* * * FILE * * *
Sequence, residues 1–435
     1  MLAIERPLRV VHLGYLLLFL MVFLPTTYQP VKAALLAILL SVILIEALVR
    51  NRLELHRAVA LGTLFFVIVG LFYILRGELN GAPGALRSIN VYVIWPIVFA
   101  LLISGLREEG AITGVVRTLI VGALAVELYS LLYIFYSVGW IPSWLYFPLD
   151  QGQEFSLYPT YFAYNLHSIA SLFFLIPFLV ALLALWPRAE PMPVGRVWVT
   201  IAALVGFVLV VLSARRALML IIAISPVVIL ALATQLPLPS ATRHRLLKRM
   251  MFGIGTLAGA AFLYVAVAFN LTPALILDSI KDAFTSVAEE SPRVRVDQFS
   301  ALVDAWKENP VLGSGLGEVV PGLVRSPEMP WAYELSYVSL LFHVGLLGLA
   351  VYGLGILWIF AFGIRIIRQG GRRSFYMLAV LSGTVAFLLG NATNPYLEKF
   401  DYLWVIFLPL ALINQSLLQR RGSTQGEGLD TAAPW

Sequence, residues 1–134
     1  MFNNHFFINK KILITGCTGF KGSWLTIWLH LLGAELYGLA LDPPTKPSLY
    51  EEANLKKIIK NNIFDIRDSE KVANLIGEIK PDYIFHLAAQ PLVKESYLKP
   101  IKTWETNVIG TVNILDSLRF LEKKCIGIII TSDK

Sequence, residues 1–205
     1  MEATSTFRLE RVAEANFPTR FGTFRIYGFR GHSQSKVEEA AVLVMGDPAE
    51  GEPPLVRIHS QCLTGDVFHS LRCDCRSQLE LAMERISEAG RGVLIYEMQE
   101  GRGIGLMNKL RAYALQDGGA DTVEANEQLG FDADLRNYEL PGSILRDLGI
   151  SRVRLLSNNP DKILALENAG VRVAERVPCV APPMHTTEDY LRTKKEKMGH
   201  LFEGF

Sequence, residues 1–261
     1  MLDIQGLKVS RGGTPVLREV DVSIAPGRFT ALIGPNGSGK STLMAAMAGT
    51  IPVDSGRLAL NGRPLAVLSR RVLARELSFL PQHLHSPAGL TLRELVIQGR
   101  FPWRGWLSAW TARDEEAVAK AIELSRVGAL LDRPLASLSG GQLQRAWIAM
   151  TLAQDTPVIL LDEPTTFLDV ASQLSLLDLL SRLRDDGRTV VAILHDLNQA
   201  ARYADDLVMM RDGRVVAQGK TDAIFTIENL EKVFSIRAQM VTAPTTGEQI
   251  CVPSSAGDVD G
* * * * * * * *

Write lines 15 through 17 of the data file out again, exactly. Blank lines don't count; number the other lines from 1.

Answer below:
Sequence, residues 1–205
     1  MEATSTFRLE RVAEANFPTR FGTFRIYGFR GHSQSKVEEA AVLVMGDPAE
    51  GEPPLVRIHS QCLTGDVFHS LRCDCRSQLE LAMERISEAG RGVLIYEMQE